The first successful engraved piece of jewelry I made was for myself. It’s entitled “Wings” and is a tribute to my mother, who passed suddenly in 2008. The first version was done in silver plate, but I quickly upgraded to sterling silver so I could wear it daily.
It’s very dear to me to keep my mom’s initials close to my heart with this engraved monogram charm flanked by two angel wings.
Over the years, I’ve been honored to engrave pieces commemorating the loss of babies and children, wives, mothers and fathers, pets…anyone precious to us. It means a lot to be part of the healing journey for my customers.
Limitations and Other Negatives
The arm on my pantograph engraver only reaches so far, so there is only so big or so small I can make each font. Big is not a problem for jewelry making. I run into more of an issue that my fonts were for signs and trophies. Thus the fonts don’t go as small enough as I need.
The fonts can’t be stretched or manipulated like you could with software. It’s a fixed height based on where the arm of the engraver is placed. So you don’t have the options you would with a computerized engraver.
The Longer the Word, The Smaller the Text
One thing that can be a negative is that the longer the word, the smaller the text. It can make the word or name hard to read, except close up. It leaves a lot of space above and below the word. I prefer the word or names filling the disk from top to bottom as much as possible.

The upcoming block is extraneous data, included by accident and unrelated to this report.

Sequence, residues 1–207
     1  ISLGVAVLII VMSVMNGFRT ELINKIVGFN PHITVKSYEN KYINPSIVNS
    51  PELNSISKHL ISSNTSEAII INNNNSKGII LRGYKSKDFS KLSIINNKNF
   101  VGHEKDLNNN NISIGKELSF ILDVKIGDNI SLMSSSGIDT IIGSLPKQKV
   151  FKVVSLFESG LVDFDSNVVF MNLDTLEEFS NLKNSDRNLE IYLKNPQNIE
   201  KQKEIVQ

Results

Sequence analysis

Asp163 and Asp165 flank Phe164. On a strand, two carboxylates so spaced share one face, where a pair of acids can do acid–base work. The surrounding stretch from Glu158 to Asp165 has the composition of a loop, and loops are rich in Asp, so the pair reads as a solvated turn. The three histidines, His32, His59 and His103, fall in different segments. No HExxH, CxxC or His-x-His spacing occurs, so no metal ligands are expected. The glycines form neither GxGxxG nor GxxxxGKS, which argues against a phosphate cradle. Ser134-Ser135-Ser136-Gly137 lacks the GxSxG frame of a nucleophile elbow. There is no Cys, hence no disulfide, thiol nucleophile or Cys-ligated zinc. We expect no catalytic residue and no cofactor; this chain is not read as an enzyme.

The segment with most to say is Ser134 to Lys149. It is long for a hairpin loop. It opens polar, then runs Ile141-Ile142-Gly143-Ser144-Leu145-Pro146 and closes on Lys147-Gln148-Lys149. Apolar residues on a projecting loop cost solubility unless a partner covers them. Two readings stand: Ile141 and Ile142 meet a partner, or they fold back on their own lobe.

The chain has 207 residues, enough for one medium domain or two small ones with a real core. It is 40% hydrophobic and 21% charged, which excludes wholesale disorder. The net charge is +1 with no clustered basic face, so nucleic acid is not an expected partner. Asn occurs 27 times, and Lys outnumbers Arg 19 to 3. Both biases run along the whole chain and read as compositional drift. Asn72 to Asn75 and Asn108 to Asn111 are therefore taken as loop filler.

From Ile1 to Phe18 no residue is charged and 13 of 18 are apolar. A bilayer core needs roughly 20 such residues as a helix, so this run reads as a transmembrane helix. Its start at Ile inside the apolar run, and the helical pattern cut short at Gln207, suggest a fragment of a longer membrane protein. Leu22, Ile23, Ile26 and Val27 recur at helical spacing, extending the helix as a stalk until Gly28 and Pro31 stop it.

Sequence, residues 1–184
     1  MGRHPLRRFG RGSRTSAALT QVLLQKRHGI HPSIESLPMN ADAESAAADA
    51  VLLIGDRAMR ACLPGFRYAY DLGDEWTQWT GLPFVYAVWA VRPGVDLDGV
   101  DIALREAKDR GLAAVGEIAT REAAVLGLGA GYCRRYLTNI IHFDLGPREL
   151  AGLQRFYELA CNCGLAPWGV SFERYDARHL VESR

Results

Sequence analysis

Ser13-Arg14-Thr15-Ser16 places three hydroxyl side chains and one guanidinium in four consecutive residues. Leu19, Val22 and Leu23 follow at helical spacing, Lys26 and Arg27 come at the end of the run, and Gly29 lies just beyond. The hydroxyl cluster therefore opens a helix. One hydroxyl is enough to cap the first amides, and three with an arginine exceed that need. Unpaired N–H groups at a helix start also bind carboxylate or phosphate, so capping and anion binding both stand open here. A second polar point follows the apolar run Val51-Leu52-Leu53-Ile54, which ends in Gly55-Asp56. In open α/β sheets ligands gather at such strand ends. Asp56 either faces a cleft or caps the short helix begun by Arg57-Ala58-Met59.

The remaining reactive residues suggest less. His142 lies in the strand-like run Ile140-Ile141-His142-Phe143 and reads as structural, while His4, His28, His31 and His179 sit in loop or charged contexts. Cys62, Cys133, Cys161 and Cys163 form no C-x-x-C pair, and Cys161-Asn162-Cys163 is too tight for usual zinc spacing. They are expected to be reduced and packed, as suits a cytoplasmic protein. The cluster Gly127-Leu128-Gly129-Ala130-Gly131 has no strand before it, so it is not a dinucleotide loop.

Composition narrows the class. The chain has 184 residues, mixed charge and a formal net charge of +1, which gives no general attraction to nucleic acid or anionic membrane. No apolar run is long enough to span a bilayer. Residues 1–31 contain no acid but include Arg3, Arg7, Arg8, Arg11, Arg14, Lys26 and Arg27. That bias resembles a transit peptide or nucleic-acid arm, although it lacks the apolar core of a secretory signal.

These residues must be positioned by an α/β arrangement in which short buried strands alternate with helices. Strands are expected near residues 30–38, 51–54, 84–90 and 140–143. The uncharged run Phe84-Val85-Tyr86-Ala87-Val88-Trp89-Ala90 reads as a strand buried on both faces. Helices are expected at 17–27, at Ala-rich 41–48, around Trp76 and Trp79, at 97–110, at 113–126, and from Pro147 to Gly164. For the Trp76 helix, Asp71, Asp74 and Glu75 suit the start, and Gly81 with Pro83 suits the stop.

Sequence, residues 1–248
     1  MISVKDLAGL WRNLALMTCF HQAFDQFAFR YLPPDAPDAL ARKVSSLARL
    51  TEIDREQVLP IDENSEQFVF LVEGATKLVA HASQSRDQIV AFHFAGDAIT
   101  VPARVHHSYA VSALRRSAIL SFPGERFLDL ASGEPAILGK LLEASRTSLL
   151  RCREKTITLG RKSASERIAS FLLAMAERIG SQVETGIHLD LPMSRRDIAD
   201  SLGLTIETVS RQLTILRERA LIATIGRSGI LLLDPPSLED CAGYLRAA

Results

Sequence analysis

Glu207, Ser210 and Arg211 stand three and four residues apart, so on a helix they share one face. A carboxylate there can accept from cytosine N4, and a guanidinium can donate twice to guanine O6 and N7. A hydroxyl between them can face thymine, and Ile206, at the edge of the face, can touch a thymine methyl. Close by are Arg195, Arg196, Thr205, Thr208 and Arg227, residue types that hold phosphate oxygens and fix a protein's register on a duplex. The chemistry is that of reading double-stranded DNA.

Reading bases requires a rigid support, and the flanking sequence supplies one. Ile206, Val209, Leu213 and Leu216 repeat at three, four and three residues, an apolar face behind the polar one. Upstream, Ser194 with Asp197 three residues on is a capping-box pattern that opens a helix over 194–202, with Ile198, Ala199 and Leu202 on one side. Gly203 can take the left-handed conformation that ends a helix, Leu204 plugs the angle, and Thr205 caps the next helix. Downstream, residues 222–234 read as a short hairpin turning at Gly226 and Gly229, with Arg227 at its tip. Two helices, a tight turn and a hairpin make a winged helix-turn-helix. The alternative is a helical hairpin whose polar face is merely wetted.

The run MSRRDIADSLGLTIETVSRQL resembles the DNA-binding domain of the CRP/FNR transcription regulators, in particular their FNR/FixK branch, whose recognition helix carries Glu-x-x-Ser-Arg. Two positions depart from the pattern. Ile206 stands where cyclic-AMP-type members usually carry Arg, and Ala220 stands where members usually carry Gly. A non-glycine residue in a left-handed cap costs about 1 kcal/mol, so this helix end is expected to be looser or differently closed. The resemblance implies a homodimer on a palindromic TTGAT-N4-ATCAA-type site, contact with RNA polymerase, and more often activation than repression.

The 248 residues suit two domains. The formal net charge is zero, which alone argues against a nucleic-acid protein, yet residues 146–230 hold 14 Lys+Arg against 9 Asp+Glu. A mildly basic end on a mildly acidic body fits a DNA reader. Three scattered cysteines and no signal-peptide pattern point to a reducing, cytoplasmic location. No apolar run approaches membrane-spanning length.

If you look at the examples above, the name Samantha is smaller than the name Desiree. It doesn’t look bad, but you see what I mean about more space above & below the text.
It can be Hard on the Body
Sitting for many hours at the engraver is hard on me physically. Like most things I do (knitting, spinning, drum carding fiber, polishing metal components, making components for jewelry, etc.), the repetitive motion can cause the neck, back, and shoulders to be quite sore and worse. After years as a maker, I feel it in my Body.
Even though pantograph engraving is a tracing function, which sounds easy, you still require a keen eye and a steady hand. Therefore, my back is sore after an hour at the engraver. My shoulder, which has damage due to being hit by a car at 16 and from the repetitive motion of all my crafts, has permanent damage. I’m also prone to migraines, so I have to be careful not to push myself too much.
I remedy this by taking many breaks, stretching, and knowing when to quit (yeah, right!). Regardless of how I feel, getting your order out promptly is always of the utmost importance. I turn around orders in 1 business day whenever possible.